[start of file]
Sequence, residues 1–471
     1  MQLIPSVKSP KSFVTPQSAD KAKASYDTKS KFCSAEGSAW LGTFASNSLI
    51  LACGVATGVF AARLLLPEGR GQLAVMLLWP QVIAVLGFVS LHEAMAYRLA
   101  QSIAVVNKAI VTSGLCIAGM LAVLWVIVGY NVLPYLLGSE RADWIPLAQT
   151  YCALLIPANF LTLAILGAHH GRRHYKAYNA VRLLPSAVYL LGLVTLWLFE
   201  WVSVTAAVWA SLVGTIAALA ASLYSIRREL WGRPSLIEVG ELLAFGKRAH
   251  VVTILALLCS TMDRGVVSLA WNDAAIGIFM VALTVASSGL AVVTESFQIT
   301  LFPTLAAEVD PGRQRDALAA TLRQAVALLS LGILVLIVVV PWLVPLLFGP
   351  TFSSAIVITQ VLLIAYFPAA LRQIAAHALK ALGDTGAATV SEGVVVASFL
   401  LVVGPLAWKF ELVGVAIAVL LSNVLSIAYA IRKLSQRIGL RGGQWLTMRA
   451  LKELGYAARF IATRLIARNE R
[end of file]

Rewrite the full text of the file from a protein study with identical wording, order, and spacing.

Sequence, residues 1–471
     1  MQLIPSVKSP KSFVTPQSAD KAKASYDTKS KFCSAEGSAW LGTFASNSLI
    51  LACGVATGVF AARLLLPEGR GQLAVMLLWP QVIAVLGFVS LHEAMAYRLA
   101  QSIAVVNKAI VTSGLCIAGM LAVLWVIVGY NVLPYLLGSE RADWIPLAQT
   151  YCALLIPANF LTLAILGAHH GRRHYKAYNA VRLLPSAVYL LGLVTLWLFE
   201  WVSVTAAVWA SLVGTIAALA ASLYSIRREL WGRPSLIEVG ELLAFGKRAH
   251  VVTILALLCS TMDRGVVSLA WNDAAIGIFM VALTVASSGL AVVTESFQIT
   301  LFPTLAAEVD PGRQRDALAA TLRQAVALLS LGILVLIVVV PWLVPLLFGP
   351  TFSSAIVITQ VLLIAYFPAA LRQIAAHALK ALGDTGAATV SEGVVVASFL
   401  LVVGPLAWKF ELVGVAIAVL LSNVLSIAYA IRKLSQRIGL RGGQWLTMRA
   451  LKELGYAARF IATRLIARNE R